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. Last Updated: 07/27/2016

Mutant Bacteria Next Threat From Russia's Mir

Forget the danger of heavy-weight debris raining down from space when Russia sends the Mir orbiter to a watery grave this month -- the real threat could be mutant fungi, a researcher said Tuesday.

Yuri Karash, an expert on the Russian space programme, said there was a possibility that micro-organisms, which have spent the last 15 years mutating in isolation aboard Mir, could present a threat if they survived the fall to Earth.

"I wouldn't overstate it...but a realistic problem exists," Karash told a news conference.

Karash, who has undergone cosmonaut training and is an aerospace advisor, said his conclusions were based on research carried out by Russia's Institute of Medical and Biological Problems.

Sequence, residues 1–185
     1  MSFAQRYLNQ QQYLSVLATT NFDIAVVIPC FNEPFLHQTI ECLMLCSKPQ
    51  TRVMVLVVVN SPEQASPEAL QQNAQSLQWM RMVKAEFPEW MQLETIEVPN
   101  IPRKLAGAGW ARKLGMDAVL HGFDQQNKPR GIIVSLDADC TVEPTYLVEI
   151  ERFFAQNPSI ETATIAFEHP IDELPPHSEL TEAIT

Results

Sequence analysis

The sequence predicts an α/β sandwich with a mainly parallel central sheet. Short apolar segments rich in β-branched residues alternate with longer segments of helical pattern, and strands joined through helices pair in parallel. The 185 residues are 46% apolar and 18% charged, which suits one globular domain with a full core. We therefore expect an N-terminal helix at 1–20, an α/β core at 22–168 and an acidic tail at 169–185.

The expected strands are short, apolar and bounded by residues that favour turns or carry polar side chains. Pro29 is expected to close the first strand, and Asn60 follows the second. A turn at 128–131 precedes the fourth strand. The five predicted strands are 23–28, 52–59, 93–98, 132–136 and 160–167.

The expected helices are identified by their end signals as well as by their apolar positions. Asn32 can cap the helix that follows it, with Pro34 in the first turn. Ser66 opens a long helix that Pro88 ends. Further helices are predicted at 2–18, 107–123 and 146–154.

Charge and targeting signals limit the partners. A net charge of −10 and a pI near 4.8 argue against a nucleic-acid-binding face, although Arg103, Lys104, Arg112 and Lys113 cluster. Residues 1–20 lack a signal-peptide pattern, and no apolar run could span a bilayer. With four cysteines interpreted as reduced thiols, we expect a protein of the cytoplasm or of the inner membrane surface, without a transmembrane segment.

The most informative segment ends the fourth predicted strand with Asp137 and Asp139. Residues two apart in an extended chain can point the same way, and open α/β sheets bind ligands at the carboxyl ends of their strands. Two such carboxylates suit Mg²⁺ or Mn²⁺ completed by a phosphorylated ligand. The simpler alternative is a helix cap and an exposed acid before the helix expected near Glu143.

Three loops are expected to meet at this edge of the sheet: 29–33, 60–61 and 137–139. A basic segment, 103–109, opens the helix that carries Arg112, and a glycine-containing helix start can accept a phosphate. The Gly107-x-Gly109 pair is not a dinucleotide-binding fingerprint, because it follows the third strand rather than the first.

Researchers have said that the fungi could be especially virulent if mixed with earth varieties that attack metal, glass and plastic.

Western health officials have in the past expressed concerns about micro-organisms that could be brought back to earth after a Russian microbiologist 13 years ago discovered the first of many aggressive forms of fungi inhabiting Mir.

Russian space officials have played down the threat, but visitors to the orbiter have found numerous types of fungi behind control panels, in air-conditioning units and on dozens of other surfaces.

Though surprisingly destructive, they give off corrosive agents like acetic acid and release toxins into the air.